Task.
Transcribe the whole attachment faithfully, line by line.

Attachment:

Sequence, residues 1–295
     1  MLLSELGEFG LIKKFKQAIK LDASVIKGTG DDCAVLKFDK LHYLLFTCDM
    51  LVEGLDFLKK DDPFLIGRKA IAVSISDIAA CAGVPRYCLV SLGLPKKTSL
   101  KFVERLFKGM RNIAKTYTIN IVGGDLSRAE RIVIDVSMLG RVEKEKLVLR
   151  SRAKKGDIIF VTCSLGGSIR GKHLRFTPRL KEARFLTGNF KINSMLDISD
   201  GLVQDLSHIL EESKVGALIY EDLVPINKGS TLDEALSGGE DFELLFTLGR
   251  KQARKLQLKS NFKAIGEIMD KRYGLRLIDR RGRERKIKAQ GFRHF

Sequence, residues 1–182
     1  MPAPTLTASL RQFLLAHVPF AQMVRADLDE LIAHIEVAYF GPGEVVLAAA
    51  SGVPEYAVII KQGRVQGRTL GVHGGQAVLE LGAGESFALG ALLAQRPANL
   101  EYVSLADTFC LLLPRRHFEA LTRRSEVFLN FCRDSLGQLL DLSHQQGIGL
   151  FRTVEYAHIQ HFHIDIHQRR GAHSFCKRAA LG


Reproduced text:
Sequence, residues 1–295
     1  MLLSELGEFG LIKKFKQAIK LDASVIKGTG DDCAVLKFDK LHYLLFTCDM
    51  LVEGLDFLKK DDPFLIGRKA IAVSISDIAA CAGVPRYCLV SLGLPKKTSL
   101  KFVERLFKGM RNIAKTYTIN IVGGDLSRAE RIVIDVSMLG RVEKEKLVLR
   151  SRAKKGDIIF VTCSLGGSIR GKHLRFTPRL KEARFLTGNF KINSMLDISD
   201  GLVQDLSHIL EESKVGALIY EDLVPINKGS TLDEALSGGE DFELLFTLGR
   251  KQARKLQLKS NFKAIGEIMD KRYGLRLIDR RGRERKIKAQ GFRHF

Sequence, residues 1–182
     1  MPAPTLTASL RQFLLAHVPF AQMVRADLDE LIAHIEVAYF GPGEVVLAAA
    51  SGVPEYAVII KQGRVQGRTL GVHGGQAVLE LGAGESFALG ALLAQRPANL
   101  EYVSLADTFC LLLPRRHFEA LTRRSEVFLN FCRDSLGQLL DLSHQQGIGL
   151  FRTVEYAHIQ HFHIDIHQRR GAHSFCKRAA LG